No EVDO connection. No cell phone single. We've set up camp where the Skagit River runs into the Cascade River, surrounded on all sides by mountains ranging from 4,000 to 8,900 feet in elevation. It's very beautiful. People in town (Marblemount) say that we are 'in for a treat' tomorrow - I'm looking forward to it.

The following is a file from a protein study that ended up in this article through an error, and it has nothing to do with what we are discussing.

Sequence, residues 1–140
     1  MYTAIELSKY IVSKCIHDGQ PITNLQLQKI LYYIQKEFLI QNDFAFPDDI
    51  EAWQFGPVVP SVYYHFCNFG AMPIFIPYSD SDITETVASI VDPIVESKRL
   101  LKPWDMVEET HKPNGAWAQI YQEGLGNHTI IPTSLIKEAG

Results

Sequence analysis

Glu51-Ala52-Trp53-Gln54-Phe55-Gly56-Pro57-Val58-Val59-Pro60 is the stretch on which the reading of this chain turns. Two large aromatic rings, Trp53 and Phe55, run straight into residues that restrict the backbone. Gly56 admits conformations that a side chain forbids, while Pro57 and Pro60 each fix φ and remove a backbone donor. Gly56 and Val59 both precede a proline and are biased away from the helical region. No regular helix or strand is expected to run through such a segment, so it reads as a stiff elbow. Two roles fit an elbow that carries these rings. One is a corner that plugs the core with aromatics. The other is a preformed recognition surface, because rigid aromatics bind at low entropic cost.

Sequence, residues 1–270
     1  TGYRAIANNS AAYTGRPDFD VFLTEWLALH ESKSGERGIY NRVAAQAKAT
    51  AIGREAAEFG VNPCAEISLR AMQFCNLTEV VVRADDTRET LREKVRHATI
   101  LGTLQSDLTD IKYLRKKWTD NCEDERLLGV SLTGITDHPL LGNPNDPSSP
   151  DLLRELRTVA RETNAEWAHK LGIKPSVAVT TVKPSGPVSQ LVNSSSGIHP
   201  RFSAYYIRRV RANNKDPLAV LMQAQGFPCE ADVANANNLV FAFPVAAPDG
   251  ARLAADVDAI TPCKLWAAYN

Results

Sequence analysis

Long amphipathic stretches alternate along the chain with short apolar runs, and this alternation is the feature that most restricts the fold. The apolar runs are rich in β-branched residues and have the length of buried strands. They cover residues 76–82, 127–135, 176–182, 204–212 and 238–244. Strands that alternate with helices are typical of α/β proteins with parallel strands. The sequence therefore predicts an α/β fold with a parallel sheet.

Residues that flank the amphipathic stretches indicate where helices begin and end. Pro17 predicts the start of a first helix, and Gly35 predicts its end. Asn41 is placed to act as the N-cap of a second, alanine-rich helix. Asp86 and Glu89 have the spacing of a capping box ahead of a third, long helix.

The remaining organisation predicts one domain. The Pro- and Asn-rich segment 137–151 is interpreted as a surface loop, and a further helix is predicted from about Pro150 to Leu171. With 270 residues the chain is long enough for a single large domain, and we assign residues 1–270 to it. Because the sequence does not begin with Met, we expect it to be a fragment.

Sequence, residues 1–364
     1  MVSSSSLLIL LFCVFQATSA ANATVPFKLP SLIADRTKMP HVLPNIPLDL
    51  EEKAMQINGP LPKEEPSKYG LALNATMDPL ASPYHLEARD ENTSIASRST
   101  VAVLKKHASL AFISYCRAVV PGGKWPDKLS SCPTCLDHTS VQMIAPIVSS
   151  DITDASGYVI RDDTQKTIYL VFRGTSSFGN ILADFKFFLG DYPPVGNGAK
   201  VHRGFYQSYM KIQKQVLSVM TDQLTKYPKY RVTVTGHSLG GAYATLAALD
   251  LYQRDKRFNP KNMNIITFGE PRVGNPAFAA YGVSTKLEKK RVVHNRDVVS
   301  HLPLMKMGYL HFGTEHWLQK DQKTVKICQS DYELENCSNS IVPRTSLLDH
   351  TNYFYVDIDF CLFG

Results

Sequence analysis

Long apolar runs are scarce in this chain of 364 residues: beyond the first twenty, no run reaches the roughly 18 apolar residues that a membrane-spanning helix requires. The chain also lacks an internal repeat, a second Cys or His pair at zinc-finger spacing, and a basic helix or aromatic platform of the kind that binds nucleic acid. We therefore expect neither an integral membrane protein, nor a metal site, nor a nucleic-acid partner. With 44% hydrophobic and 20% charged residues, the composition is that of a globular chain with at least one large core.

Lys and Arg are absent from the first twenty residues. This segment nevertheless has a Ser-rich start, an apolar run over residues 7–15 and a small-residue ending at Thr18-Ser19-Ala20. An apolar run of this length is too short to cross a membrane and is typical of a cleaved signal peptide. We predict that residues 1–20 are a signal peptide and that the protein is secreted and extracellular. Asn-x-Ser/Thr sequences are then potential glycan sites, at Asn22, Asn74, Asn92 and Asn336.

But I'm getting ahead of myself - I mentioned in my last post I was excited about uploading the first few 'official' shots (I say 'official' because we've been capturing tons with the two mp4 cameras and our Nokia), yesterday we stopped at a laundry mat in Concrete where I managed to import a few minutes here and there, and export them straight to quicktime-movies. This 1st clip is one of the many takes we captures with the sun setting behind the camp-site. It was very cloudy and grey all day but around 8:30 the sun came down under the clouds enough to just light everything up. I'm so happy with this 2nd clip - we had set up in the morning to get their 'taking off' moment, and on the 35 kit (HDV35), the guys had their zoom-lens (200). But Amanda had packed her SLR camera and one of the lens she has for it is a very long lens (a 300), we swapped it out and it looks just amazing. Unbelievably sharp depth of field. We stopped by a field yesterday to shoot some tall grass with the mountains in the background - and I couldn't believe how many 'layers' of field we could shift through. The great news is it's turned out to be much, much easier to film on-the-fly with the 45 kit mounted to the FX1. At first we were planning to only break it out for interviews. But Olivier is finding it very simple to focus and move at the same time - which I love, it's just one more 'look' we can play with for the film. I also can't believe how much I'm loving the mp4 and Nokia footage, it gives a less 'cinematic / grandiose' feel to the shot and makes it more personal. I've uploading some of it here, here and here... and one more here. We've been slowly and carefully breaking out our 16mm, we only have 30 minutes of stock for the entire two months (if anyone has any 100 foot daylight spools they'd like to donate, please let me know, we could use it). But... *deep breath* I do have some bad news. It was news that, I could tell, was very hard for Jay to come talk to us about. Amanda was curled up in her tent, and the four of us guys were at the picnic table looking at rushes and talking about whatever, when Jay let us know the situation with his knee. I've never actually talked about it here on the site, so this will require a quick catch-up: Jay is a snowboarder, actually a very good one. In the 2005 he took the bronze in the world championship. Yea, I know, he's good. But he's had knee trouble for years, gone through 5 major surgeries, and at the moment is actually completely missing his ACL. Both Larry & Jay have been training, in the mountains, a great deal - so it's hard to say if it's the added weight to the bike that caused the problem, or if it just finally caught up with him. But only 10 miles into the ride this morning and his knee almost brought him to tears, and Jay's a tough enough guy to know that's a problem... especially on a flat day like they had this morning. So, Jay is going to stay behind - Larry is pressing on... alone. He's, understandably, a bit terrified about the following 4,200 miles - but he's also a bit excited about the solitude. It changes things for us, not in a bad way, but we'll adapt with it. As a crew we are still trying to find the best balance for what we are doing - I know it will take some time in this kind of on-the-move environment. For example, Jeff and I had a hell of time today with a simple crane shot - not too sure if any of that footage actually worked out. But I am very sad to see Jay go - I know he was very excited and ready for this ride, I know he's sad to watch Larry ride on without him. But I understand and encourage him not to push himself to the point of ruining his snowboarding career, or even just simply ruining his knee. It's going to be a hard good bye tomorrow morning. Well, it's after midnight, I need to get some sleep. Goodnight for now.